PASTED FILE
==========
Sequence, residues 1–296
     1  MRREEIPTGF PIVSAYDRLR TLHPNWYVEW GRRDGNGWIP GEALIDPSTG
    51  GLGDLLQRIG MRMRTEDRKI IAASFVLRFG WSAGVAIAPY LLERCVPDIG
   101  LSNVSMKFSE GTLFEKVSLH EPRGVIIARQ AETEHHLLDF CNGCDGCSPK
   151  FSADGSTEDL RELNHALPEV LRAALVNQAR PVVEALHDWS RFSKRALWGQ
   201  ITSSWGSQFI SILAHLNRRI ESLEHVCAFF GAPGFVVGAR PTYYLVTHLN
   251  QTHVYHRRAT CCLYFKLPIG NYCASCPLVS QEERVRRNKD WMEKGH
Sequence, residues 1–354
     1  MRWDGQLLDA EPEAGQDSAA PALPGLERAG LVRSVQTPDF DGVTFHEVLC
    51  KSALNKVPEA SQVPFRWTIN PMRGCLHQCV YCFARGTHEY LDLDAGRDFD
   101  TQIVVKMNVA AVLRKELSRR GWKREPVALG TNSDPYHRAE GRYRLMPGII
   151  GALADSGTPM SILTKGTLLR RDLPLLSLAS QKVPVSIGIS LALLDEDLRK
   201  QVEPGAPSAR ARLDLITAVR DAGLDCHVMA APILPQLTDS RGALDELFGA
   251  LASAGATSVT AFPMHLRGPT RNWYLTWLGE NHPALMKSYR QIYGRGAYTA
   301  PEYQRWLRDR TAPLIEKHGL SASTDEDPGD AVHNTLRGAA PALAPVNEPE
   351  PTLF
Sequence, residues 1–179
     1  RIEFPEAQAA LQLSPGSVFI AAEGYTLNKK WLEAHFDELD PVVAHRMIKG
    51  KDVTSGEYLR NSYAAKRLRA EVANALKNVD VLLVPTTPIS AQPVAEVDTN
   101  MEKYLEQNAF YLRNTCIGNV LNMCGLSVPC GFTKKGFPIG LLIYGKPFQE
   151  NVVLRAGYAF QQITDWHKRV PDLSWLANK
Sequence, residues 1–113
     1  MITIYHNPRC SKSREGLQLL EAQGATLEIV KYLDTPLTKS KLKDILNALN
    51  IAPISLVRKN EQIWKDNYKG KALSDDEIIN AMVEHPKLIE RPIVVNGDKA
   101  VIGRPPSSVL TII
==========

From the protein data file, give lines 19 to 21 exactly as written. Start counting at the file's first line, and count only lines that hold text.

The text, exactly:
    51  KDVTSGEYLR NSYAAKRLRA EVANALKNVD VLLVPTTPIS AQPVAEVDTN
   101  MEKYLEQNAF YLRNTCIGNV LNMCGLSVPC GFTKKGFPIG LLIYGKPFQE
   151  NVVLRAGYAF QQITDWHKRV PDLSWLANK